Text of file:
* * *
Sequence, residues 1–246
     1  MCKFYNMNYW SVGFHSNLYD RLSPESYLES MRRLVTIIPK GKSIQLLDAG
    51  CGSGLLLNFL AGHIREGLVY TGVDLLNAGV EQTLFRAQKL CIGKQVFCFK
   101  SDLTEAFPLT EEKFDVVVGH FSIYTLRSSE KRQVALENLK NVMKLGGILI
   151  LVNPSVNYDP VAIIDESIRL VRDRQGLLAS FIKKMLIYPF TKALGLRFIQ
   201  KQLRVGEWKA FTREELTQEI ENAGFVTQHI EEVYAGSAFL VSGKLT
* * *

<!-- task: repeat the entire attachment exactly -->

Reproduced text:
Sequence, residues 1–246
     1  MCKFYNMNYW SVGFHSNLYD RLSPESYLES MRRLVTIIPK GKSIQLLDAG
    51  CGSGLLLNFL AGHIREGLVY TGVDLLNAGV EQTLFRAQKL CIGKQVFCFK
   101  SDLTEAFPLT EEKFDVVVGH FSIYTLRSSE KRQVALENLK NVMKLGGILI
   151  LVNPSVNYDP VAIIDESIRL VRDRQGLLAS FIKKMLIYPF TKALGLRFIQ
   201  KQLRVGEWKA FTREELTQEI ENAGFVTQHI EEVYAGSAFL VSGKLT